Vancouver users feel judged by doctors: study
Half of Vancouver opiate users surveyed as part of a University of B.C. research study felt health providers have stigmatized them — particularly those who have repeatedly failed to kick their addiction.
Heather Palis, lead author and PhD student in the UBC School of Population and Public Health, said the survey involved 175 long-term injection users from the Downtown Eastside.
It found that 50% of them have felt stigmatized when accessing health services in the past, and half of those who said they’ve been stigmatized said it’s happened more than five times.
“This actually does have an impact on how well people are doing in treatment,” she said.
“It’s important to just ask the question, whether or not it’s happening, but how do we make patients feel safe in coming to the health-care system?”
Palis said patients who’ve had multiple methadone treatment attempts, and those who’ve experienced abuse in childhood, felt especially stigmatized. Most users, 43%, felt the amount of stigma was mild, 28% felt it was moderate and 16% said the stigma they faced was severe — described as intentional physical or emotional harm.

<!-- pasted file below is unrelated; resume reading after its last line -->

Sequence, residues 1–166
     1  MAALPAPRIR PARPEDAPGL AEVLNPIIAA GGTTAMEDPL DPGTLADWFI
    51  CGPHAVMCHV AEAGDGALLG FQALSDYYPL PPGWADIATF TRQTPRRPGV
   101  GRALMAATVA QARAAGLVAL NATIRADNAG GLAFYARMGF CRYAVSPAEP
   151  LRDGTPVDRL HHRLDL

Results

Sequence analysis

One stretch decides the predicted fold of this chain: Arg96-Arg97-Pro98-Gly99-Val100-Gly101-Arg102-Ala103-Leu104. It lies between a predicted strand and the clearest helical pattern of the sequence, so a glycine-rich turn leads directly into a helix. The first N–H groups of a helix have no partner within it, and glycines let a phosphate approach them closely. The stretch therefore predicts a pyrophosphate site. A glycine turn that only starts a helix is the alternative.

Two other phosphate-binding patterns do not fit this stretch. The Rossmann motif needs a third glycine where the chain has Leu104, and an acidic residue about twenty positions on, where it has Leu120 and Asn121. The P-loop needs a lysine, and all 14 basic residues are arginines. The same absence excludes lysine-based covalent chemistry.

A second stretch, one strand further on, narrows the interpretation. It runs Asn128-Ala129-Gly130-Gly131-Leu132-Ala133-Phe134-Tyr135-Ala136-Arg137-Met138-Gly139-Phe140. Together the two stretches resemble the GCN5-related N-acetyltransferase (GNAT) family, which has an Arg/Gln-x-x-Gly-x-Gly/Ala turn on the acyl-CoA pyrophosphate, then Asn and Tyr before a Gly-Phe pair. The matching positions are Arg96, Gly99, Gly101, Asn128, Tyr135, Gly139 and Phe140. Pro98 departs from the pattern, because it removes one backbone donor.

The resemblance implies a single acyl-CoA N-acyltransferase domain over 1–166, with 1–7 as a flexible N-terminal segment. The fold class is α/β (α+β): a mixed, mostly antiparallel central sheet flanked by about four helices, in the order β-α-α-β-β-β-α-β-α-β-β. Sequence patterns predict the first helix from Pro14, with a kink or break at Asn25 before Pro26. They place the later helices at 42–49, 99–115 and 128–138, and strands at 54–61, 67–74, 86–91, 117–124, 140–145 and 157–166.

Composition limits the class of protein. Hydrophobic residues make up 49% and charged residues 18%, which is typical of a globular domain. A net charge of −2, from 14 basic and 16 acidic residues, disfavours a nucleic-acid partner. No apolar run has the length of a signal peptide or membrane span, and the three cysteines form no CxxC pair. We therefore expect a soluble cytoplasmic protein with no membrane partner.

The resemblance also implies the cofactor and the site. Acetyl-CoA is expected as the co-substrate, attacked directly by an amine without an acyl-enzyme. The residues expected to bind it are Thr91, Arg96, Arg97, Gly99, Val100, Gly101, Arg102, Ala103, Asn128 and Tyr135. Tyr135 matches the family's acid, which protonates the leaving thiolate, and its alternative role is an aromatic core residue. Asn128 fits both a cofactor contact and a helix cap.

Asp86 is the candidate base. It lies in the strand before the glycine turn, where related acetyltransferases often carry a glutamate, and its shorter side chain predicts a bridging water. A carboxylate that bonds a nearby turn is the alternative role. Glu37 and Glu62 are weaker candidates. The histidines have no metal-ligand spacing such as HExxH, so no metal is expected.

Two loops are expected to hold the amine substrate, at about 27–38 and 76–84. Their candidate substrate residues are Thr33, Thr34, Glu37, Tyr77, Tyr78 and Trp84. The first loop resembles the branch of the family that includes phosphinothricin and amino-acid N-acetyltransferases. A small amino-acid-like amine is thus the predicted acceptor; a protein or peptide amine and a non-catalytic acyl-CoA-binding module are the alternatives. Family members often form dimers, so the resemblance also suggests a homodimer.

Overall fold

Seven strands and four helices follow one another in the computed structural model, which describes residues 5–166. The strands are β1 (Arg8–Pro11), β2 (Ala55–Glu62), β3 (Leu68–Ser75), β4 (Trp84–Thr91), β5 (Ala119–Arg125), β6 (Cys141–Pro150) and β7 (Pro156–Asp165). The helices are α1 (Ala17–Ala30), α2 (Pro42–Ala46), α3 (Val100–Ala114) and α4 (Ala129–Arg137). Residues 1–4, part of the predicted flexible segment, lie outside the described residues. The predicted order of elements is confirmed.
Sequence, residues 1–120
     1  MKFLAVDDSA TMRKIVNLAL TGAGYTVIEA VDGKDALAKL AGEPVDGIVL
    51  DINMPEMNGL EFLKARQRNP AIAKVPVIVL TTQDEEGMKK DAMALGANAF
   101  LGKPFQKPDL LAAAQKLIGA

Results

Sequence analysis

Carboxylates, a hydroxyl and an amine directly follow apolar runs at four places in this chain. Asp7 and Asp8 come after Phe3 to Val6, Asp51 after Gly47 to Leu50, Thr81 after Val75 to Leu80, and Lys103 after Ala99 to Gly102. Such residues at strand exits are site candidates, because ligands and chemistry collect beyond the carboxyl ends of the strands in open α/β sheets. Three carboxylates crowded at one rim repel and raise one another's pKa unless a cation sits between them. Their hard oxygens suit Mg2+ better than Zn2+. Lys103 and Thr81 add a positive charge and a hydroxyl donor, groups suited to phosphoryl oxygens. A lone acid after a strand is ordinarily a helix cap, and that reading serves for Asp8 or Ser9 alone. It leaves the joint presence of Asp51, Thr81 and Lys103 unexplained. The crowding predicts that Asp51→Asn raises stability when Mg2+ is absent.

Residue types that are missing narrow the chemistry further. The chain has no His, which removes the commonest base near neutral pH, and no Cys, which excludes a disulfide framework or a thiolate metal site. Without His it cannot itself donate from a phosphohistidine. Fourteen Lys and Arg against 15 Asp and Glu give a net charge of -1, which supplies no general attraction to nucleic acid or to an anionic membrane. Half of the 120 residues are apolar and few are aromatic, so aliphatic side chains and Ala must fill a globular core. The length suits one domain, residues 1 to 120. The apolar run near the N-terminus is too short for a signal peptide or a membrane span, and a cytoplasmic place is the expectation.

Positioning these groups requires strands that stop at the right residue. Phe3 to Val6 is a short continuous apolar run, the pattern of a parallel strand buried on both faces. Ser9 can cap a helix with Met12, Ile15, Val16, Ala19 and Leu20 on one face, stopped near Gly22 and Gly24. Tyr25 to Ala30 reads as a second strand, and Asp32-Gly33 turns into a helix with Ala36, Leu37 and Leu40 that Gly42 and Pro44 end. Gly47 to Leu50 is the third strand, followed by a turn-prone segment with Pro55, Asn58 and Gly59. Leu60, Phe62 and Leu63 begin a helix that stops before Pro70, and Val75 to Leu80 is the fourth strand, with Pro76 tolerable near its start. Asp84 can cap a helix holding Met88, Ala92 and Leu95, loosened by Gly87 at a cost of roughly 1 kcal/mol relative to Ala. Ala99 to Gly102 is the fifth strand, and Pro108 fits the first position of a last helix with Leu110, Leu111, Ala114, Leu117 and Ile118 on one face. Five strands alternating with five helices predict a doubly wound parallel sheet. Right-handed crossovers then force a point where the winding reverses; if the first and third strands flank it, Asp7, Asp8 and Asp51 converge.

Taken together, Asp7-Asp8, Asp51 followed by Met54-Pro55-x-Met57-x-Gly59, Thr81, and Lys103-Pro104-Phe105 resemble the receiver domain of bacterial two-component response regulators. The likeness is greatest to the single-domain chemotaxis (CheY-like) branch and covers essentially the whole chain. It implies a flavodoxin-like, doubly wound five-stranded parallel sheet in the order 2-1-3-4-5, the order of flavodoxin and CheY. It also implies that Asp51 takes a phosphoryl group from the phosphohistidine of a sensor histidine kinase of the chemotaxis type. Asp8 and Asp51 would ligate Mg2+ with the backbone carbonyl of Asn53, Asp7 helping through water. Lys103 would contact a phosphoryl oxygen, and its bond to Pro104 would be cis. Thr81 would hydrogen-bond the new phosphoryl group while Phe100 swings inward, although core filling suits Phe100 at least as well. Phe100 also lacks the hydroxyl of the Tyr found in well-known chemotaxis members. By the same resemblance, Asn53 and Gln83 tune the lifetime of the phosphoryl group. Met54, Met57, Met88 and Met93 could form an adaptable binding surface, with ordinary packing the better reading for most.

Laura Shaver, president of the B.C. Association for People on Methadone, called stigmatization by health providers a systemic problem.
“When people are at the point when they’re thinking about going to treatment, they’re at their most low, they’re vulnerable, then they go to their doctor and they get this feeling — then they don’t even want to try,” she said.
“It’s felt a lot and it’s systemic.”
Examples Shaver provided include how some clinics don’t allow addicts to make their own appointments, and how users feel they’re being scrutinized by methadone-dispensing pharmacies to make sure no medication is “diverted.”
Shaver said a guideline and specific addictions training should be required for doctors and pharmacists as one solution.